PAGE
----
Let’s talk about finances.
Oh no, the dreaded conversation. Here’s the thing- it shouldn’t be dreaded! I knew someone once who took money out of the ATM and then threw away the statement that was printed out and said “I’m too scared to even look at my balance”. That should NEVER be the case. Ignoring your money problems do not make them go away.
I’ve been watching a lot of Graham Stephen lately and I strongly believe that you should too. If you don’t know who he is you need to check him out immediately. Search Graham Stephan or the Graham Stephan show. He is awesome.
He has really made me want to get in tune with my finances, invest, and save. As much as it isn’t ideal, money is a big part of everyone’s lives.
Where to Start
You need a budget. I don’t care who you are or what you’re doing, you need a budget. If you spend money you need a budget. If by some miracle you live at home with your parents, you don’t pay them rent, and they cover all of your other expenses and all you do is work and pull in money, you still need a budget. Budget for the future. There will be a time when you will be spending a lot of money and you will wish you had been budgeting.
Here are my steps to creating a budget:
- How much do you make?
- How much money do you make every month? We need to start off with your monthly income. We’re going to do a pretend budget just to give you a sense of how this should work. Our income is going to be $2000.00 a month. This should be net income. After all of your tax deductions, CPP, EI, etc..
- Income: $2000.00
- Next, calculate your monthly expenses that are the same every month. Below are some example categories and example numbers:
- Rent and utilities: $700.00
- Cell Phone Bill: $65.00
- Internet: $25.00
- Car Insurance: $125.00
- Car Payments: $0
- Gym membership: $50.00
- Parking: $40.00
- Next, add in other required expenses. These are expenses that occur monthly but they may not always be the same. Some examples are…
- Gas: $100
- Groceries: $250
- Do not include things that are optional like going out to eat, buying alcohol, or gifts. These can be worked into the budget once we have deducted our necessary expenses. You can look at the things above for the last two or three months and average it out to get a number that is accurate.
- Finally, you need to go over your account statements for a typical month. For example, if last month was December, don’t use that month because that likely won’t accurately represent your monthly spending. Add up different expenses and sort them into categories. Here are some examples.
- Coffee: $40.00
- Restaurants: $50.00
- Clothing: $50.00
- Gifts: $0.00
- Recreation (movies, dates, etc): 0.00
- We are now going to add up all of our expenses and subtract them from our income.
- $1005.00 (recurring expenses)
- $325.00 (Variable Mandatory Expenses)
- $140.00 (Optional Expenses)
As you can see, with this budget you will have 530.00 left over every month to save. Ideally, because you have already factored in other monthly expenses, you should save every penny of this, especially because it is not a ton of money. I don’t like to say “you have 530.00 left over at the end of the month”. “Left Over” implies that you can spend that money on anything you want. That is not true. This is money you should be saving.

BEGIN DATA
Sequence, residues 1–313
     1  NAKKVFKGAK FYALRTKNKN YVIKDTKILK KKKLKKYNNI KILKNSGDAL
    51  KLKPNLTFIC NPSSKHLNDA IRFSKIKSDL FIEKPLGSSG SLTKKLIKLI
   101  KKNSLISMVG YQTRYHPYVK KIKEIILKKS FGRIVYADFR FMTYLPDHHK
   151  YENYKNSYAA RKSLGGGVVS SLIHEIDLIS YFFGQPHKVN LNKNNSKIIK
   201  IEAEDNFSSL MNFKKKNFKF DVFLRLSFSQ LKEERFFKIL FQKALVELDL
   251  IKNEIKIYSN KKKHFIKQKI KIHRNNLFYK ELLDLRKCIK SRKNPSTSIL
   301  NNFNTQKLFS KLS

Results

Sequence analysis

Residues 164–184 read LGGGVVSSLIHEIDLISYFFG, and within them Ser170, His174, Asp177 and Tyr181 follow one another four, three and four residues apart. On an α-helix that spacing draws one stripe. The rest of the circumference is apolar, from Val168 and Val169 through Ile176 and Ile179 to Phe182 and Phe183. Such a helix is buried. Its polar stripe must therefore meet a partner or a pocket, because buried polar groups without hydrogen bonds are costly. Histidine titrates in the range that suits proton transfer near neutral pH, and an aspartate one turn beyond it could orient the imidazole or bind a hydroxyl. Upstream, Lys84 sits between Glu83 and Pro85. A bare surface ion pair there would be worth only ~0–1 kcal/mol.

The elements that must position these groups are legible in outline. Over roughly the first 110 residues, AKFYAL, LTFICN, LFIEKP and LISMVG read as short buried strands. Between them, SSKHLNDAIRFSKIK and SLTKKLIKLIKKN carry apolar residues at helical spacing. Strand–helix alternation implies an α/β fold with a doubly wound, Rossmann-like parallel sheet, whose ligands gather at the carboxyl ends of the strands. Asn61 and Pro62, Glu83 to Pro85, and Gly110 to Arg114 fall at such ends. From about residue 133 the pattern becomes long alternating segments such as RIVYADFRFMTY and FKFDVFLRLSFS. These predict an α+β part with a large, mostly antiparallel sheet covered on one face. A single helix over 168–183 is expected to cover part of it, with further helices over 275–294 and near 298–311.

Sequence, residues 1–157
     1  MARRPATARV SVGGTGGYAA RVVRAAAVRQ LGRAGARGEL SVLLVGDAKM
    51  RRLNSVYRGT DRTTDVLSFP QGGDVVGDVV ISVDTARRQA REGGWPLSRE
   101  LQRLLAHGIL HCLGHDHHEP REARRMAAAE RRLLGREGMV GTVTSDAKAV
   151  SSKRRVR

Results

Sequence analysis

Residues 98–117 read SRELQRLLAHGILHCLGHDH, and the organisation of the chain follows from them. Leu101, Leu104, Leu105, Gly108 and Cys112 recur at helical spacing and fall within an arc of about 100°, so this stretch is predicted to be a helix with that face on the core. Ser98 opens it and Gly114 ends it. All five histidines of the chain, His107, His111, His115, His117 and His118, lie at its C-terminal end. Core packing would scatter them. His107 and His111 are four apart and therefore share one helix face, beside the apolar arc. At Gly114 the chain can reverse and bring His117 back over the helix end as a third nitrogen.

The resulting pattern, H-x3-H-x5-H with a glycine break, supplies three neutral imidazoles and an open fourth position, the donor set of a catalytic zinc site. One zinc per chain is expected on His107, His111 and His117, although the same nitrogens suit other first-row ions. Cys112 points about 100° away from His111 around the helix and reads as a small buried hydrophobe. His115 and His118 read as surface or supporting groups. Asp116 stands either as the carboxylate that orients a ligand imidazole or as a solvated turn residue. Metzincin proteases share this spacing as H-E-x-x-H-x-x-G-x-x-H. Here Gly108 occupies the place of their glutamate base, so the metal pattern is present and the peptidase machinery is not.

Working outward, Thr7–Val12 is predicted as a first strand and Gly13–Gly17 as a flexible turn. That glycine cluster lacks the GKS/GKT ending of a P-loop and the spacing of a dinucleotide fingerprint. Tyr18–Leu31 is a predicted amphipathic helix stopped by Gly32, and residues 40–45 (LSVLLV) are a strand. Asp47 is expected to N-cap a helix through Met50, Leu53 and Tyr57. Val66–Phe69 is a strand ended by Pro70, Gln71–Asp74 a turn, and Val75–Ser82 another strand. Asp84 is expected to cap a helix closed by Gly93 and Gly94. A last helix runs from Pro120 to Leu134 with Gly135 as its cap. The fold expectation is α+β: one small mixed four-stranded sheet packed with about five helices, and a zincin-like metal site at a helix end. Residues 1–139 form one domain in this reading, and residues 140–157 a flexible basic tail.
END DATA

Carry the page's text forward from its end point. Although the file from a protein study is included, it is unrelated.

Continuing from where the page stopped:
You might be asking, great I made a budget, now what? How does this help me?
Well, you now know exactly how much you’re spending and where it is going. It is important to determine your financial goals. Ideally, speaking for myself, I would like to save as much money as possible and in order to do this, I would have to cut out some of my unnecessary expenses.
- Determine where you can cut down.
- Coffee– Personally, I spend way too much on coffee. Especially since that 40.00 is on top of what I spend on coffee in my grocery bill. If I could cut my coffee spending down even just by half (ideally I could eliminate it completely), it would be an easy way to save 20.00.
- Restaurants– this is a very easy way to spend money and a lot of months I have spend a lot more than 50.00 eating out. The simple answer here is: don’t eat out. If you want to spend a bit more on groceries to eliminate eating out I highly recommend it. The amount extra that you would need to spend on groceries to eliminate eating out is far below what you would actually spend at a restaurant. Do your wallet a favor.
- Gym Membership– This is another place you can cut down on spending. You could try doing at home workouts and running outside. If this isn’t feasible for you, then this is something you could keep and try to cut down in other ways.
- Car/Gas: If you want to cut down on car/gas costs you could try biking or taking the bus to work in the summer.
When you decide where you can cut down, do so, and then put that extra money into savings. I know that I make it sound simple but if you have a larger family it can get pretty expensive. I would recommend making a spreadsheet to track your spending month to month.
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